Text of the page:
Dennis Pennefather is astounded the Accident Compensation Corporation has refused to pay for surgery on a knee he says was in good working order until he had an accident.

"I got the stock standard rejection from ACC, on the grounds that they believed that my [previously symptom-free] knee joint had suffered the injury as a result of a pre-existing degenerative condition.

"It's a ridiculous claim and it's a one-size-fits-all for getting rid of claims," the 65-year-old caregiver and former policeman, of Te Awamutu, said yesterday.

He landed badly and twisted his knee 18 months ago when he was going down patio steps and was dragged by a small dog on a lead which was chasing a cat.


The result was a large tear in the medial meniscus, the friction-reducing cartilage pad located at the inner side of the knee joint.

Mr Pennefather describes himself as extremely fit for his age - he has no signs of arthritis, works out regularly at a gym and goes for brisk walks.

But he has had to give up jogging because of the injury to his knee, which causes clicking and sharp pain in certain positions.

He said ACC had accepted that the accident occurred as he described it, and that the knee required surgery. The only dispute was over ACC's refusal to pay for the operation.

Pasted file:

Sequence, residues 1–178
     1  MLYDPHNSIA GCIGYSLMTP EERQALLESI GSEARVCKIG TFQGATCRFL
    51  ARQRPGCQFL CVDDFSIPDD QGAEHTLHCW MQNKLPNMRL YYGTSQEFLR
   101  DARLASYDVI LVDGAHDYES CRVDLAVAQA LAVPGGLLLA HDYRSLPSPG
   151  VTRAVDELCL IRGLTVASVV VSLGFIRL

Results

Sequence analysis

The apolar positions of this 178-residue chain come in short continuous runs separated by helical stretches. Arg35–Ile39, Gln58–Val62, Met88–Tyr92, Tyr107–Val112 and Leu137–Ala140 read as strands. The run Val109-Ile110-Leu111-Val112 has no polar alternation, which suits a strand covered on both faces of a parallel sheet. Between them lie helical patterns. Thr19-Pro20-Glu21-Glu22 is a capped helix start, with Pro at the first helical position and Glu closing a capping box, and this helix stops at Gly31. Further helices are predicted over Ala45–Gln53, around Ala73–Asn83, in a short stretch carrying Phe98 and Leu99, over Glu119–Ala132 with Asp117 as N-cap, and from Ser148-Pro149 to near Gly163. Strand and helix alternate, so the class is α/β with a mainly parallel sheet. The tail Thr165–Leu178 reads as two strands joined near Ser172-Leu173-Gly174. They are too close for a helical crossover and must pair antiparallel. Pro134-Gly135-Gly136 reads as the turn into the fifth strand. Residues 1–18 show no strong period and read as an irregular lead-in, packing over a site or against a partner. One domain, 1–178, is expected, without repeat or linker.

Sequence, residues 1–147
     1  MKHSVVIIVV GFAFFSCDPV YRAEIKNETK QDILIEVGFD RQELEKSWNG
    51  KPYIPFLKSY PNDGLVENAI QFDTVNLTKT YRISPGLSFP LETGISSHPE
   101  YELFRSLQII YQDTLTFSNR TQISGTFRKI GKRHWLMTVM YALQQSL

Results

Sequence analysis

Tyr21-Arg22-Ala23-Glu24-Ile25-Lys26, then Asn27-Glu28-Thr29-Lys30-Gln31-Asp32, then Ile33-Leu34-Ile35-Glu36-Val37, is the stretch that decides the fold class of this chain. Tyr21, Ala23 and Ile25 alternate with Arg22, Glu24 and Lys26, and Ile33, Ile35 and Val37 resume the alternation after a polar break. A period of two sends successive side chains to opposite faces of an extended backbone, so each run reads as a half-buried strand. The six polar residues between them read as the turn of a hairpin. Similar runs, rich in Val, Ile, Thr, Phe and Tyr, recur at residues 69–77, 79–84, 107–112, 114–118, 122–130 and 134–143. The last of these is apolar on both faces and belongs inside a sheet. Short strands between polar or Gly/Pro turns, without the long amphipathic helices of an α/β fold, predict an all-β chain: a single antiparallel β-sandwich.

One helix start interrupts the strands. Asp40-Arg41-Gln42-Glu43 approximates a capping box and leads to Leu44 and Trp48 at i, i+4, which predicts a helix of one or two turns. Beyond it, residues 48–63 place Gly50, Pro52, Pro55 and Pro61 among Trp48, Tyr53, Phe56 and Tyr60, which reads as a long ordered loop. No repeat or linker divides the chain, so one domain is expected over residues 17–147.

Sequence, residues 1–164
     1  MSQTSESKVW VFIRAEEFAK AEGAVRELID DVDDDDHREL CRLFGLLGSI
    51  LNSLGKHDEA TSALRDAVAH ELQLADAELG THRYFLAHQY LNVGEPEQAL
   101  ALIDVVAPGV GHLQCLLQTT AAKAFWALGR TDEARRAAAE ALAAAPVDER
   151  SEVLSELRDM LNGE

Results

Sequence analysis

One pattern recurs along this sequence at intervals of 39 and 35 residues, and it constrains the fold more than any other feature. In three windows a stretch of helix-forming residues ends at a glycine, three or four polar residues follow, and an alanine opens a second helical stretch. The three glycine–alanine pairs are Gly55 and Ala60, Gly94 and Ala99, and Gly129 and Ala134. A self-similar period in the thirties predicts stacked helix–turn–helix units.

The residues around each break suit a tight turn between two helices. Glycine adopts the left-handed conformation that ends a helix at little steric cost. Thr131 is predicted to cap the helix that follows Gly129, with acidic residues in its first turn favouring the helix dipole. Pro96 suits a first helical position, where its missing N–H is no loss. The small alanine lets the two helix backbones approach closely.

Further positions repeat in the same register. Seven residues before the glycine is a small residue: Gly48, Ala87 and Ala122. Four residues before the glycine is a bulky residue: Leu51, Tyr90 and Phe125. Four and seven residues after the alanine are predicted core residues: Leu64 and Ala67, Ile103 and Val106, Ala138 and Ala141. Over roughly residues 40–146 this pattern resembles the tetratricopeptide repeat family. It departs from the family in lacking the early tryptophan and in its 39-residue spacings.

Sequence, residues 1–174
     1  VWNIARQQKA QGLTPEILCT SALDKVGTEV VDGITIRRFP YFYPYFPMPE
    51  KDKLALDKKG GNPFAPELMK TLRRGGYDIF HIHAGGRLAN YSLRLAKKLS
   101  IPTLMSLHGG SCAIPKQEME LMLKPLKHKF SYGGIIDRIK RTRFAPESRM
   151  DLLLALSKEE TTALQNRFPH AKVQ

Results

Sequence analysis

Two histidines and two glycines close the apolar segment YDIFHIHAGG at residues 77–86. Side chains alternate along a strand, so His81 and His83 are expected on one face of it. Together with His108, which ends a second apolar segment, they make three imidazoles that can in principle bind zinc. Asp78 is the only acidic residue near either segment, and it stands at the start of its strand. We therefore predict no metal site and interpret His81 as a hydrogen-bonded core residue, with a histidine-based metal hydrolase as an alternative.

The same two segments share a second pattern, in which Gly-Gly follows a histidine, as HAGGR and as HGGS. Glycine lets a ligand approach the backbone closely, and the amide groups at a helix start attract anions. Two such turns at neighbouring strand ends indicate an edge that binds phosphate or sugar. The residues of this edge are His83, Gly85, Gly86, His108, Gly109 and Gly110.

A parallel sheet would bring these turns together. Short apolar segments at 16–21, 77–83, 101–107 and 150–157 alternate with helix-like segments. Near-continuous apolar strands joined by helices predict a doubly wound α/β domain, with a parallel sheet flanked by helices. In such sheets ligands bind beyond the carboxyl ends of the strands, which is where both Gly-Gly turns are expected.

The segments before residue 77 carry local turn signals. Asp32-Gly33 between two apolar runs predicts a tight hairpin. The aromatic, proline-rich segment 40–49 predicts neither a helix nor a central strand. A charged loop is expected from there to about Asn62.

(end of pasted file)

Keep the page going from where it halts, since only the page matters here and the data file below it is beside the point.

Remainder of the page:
The knee has been scanned by MRI and examined by a surgeon who recommended surgery.

"I think [his report] mentions there's some degeneration but he doesn't link it to the injury."

Accident compensation legislation permits the corporation to withhold cover on grounds including ageing and non-work gradual processes, but only if these are the injury's whole or substantial cause.

The courts have interpreted substantial to mean at least 80 per cent.


Mr Pennefather took his case to an ACC review but lost. He has appealed and is waiting for a hearing date to be set in the Hamilton District Court, where he will represent himself.

An ACC spokeswoman said it would be legally inappropriate to comment on Mr Pennefather's case before the appeal hearing.


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